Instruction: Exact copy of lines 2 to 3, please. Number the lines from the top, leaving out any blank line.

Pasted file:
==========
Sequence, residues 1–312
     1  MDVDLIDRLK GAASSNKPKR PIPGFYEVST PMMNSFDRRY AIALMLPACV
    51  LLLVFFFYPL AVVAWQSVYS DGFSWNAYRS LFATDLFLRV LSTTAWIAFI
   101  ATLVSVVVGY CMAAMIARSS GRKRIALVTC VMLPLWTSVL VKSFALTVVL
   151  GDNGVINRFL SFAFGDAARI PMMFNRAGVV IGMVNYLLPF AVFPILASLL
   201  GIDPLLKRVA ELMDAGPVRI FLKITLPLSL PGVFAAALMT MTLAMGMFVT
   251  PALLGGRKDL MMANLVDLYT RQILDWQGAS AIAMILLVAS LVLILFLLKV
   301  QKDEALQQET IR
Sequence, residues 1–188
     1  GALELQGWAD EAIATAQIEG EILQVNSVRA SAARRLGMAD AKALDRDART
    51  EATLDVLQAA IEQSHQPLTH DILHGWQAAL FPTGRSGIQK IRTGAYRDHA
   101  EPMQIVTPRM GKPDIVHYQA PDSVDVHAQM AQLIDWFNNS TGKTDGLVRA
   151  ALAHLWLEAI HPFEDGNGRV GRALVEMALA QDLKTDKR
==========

     1  MDVDLIDRLK GAASSNKPKR PIPGFYEVST PMMNSFDRRY AIALMLPACV
    51  LLLVFFFYPL AVVAWQSVYS DGFSWNAYRS LFATDLFLRV LSTTAWIAFI